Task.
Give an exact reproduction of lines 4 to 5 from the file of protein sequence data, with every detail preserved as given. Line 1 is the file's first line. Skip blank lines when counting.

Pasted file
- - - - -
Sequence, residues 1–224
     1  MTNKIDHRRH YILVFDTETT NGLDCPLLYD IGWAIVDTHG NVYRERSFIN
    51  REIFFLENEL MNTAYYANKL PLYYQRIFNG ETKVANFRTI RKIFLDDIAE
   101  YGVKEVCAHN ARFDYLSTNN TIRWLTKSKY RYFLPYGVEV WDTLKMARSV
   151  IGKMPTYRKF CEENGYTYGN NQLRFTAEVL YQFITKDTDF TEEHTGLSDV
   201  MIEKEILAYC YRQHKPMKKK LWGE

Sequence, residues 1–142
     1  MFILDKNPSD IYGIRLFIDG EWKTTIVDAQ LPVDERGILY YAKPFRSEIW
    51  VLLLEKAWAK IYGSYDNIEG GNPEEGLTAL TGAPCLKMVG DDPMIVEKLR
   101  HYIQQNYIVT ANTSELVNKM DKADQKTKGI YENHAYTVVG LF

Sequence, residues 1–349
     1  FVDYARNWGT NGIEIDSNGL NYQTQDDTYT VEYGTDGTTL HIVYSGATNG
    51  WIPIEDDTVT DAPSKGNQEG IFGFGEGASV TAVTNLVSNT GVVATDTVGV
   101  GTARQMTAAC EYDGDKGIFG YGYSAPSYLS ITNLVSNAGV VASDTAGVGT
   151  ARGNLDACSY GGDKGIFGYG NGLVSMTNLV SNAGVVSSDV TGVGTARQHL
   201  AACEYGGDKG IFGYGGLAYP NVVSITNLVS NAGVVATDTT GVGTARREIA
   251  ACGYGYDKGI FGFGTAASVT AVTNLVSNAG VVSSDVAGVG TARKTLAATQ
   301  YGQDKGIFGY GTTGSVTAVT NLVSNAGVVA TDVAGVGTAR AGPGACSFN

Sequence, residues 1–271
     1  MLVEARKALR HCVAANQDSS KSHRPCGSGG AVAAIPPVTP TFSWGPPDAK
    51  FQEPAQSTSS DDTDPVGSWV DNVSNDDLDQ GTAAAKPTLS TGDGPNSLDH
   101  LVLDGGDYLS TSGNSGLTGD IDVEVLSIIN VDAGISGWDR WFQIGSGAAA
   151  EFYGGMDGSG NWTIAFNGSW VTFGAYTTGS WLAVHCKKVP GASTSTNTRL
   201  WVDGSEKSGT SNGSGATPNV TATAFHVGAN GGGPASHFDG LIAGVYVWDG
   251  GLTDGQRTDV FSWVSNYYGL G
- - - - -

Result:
   101  YGVKEVCAHN ARFDYLSTNN TIRWLTKSKY RYFLPYGVEV WDTLKMARSV
   151  IGKMPTYRKF CEENGYTYGN NQLRFTAEVL YQFITKDTDF TEEHTGLSDV